|Who: Michigan (13-9) at Ohio State (22-0)|
|Where: Value City Arena, Columbus, Ohio|
|When: 7 P.M., Thursday, February, 3rd, 2011|
|TV: ESPN / ESPN3|
|Radio: MGoBlue / WWWW 102.9 FM|
|Previous Meeting: Game 17: OSU at Michigan (L 68-64)|
It’s hard to write previews without focusing too much on the most recent couple of games. It’s just as hard to muster optimism during a losing streak as it is to get carried away with the notion of momentum after a couple wins. Momentum means something, you’d rather go into a game playing good basketball, but its importance is dramatically overblown. 22 games into the season, it’s safe to say that teams have built up sufficient resumes to judge their entire body of work. Michigan heads to Columbus tonight with momentum after a pair of wins but the reward is a match-up with the nation’s consensus No. 1.
The simple two step recipe hasn’t changed for the Buckeyes. Step 1: Give the ball to Jared Sullinger on the block and watch him work. Step 2: Kick it out to the stable of talented wing players and let them shoot it. It’s easy to game plan when you have one of the top three players in the nation and it’s even easier when you have four players that shoot over 40% from three point range to surround him.
Three weeks ago, Michigan hung with Ohio State for forty minutes in a game that featured six lead changes and five ties. Michigan stuck around in that game because of its ability to match Ohio State’s offense. Michigan actually out-shot Ohio State that day, shooting 59% on twos and 46% on threes. If the Wolverines want to win at Value City Arena, it’s going to take more than hot shooting. Ohio State’ offense has been nearly unstoppable and Michigan would need to stop an offense that’s rarely been slowed down this season.
Ohio State’s offense is averaging 1.15 points per possession in conference play, a figure that’s tied for second best in the league. Ohio State is the best shooting team in the conference, with a 58% effective field goal percentage – 53% on twos and 45% on threes – Michigan is a close second at 55%. Despite the nation’s sixth best turnover rate, Ohio State has turned the ball over more often than six other teams in conference play. Ohio State didn’t get to the free throw line very often in non-conference play but have posted the second best free throw rate, 43% (FTA/FGA), in conference games. The Buckeyes only rebound 30% of their misses, which ranks 8th in Big Ten play, but offensive rebounding isn’t that important when you make so many shots.
Defensively, Ohio State’s philosophy remains the same: force turnovers and don’t foul. Ohio State allows the fewest free throws in the league with a free throw rate of just 24%. They also turn opponents over more often than every Big Ten team but Iowa. (Coincidentally, the Hawkeyes don’t foul either, ranking 2nd in FTR allowed and 1st in forced turnovers.) The Buckeyes shooting defense and defensive rebounding are both above average and the Buckeyes have the second best three point defense in the league.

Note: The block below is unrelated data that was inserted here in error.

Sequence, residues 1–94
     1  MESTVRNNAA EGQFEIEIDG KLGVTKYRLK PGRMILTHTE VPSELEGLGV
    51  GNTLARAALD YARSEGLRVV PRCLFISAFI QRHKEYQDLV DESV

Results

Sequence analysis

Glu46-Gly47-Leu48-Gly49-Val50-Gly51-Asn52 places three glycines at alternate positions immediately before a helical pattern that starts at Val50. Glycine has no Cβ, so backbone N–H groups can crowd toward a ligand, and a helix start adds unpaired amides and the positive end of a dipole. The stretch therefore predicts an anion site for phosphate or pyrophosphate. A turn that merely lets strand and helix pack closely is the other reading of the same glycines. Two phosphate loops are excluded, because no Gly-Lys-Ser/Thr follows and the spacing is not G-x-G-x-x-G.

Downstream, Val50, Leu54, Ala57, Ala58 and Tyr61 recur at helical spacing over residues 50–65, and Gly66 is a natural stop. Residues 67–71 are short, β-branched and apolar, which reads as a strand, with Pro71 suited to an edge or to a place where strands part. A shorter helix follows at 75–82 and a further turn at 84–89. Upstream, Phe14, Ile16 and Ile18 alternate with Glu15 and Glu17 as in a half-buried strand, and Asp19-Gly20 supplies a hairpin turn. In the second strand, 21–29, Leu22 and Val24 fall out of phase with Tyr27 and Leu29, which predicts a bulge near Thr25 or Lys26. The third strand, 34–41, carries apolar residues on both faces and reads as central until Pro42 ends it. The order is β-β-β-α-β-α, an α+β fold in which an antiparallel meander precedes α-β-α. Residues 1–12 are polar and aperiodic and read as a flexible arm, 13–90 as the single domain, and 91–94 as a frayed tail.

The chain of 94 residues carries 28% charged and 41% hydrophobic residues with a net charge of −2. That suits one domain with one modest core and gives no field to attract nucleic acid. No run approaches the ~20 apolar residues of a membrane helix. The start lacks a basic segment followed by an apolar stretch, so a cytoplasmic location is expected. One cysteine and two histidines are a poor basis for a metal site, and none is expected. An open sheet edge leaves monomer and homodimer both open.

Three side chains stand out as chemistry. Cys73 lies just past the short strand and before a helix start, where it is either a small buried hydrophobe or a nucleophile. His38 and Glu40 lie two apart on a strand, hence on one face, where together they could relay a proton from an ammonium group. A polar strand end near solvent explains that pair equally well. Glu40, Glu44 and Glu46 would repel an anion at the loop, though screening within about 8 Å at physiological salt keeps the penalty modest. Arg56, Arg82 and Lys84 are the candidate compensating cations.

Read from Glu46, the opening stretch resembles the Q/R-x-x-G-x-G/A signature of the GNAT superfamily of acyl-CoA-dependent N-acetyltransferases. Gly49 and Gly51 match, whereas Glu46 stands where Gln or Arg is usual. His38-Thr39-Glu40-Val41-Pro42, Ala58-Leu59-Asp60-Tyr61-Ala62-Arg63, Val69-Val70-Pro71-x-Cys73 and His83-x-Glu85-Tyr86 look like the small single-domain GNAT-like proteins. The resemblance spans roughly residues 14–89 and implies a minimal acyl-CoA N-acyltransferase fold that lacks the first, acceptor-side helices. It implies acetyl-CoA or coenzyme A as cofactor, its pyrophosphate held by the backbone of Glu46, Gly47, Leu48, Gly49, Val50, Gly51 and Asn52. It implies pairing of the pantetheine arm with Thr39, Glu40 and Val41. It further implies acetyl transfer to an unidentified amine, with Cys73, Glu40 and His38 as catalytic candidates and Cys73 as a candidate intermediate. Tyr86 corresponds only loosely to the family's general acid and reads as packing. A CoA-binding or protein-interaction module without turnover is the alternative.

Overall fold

We’ve already covered Ohio State with the first preview, so here’s your bulleted personnel run-down.
- Jared Sullinger: Talented low post scorer has great footwork and knows how to use his body with his back to the basket. Sullinger rarely turns it over (six of his 13 turnovers in Big Ten play were versus Michigan), is the conference’s best defensive rebounder, and lives at the free throw line.
- David Lighty: Senior guard has played in a Final Four, five years go. Not only a talented defender, Lighty is also an efficient scorer that can shoot from the perimeter (44% 3fg) or slash to the basket. Lighty’s only weakness might be at the free throw line where he shoots just 64%.
- William Buford: 6-foot-5 with athleticism to spare, Buford is actually having a bit of a down year. He dominated Michigan in the first half last time around, scoring 14 of his 19 points.
- Aaron Craft: Freshman point guard has a wealth of options to distribute the ball and is also a capable three point shooter (44%). Most impressively, Craft has turned himself into a lockdown defender thanks to tremendous lateral quickness.
- Jon Diebler: 48% three point shooter also shoots 57% when he occasionally ventures inside the arc.
- Dallas Lauderdale: Senior big man does three things: start, rebound, and block shots. Lauderdale played a season low 7 minutes versus Michigan the last time around, as Ohio State needed a more nimble option to guard Michigan’s four man on the perimeter.
Ohio State forces you to pick your poison. Last time around, Michigan focused all of its efforts on Jared Sullinger and was relatively successful, holding Sullinger to 12 points on 4 of 6 shooting with six turnovers. The drawback to doubling Sullinger is that it allows Lighty, Buford, Craft, and Diebler plenty of wide open three point looks — connecting on 7 of 14 three point looks last time around. If you are Michigan, without a true dominant defensive big man, you have to double Sullinger and hope for the best.
Ohio State’s statistical profile has fewer holes than any other team that Michigan will face this season. After winning their first two conference home games by three points each, Ohio State has dismantled Iowa (22 pts) and Purdue (23 points) at home. Pomeroy projects a 17 point Ohio State victory and gives Michigan a 4% chance at victory – less than a third of the chance Michigan had at winning in East Lansing.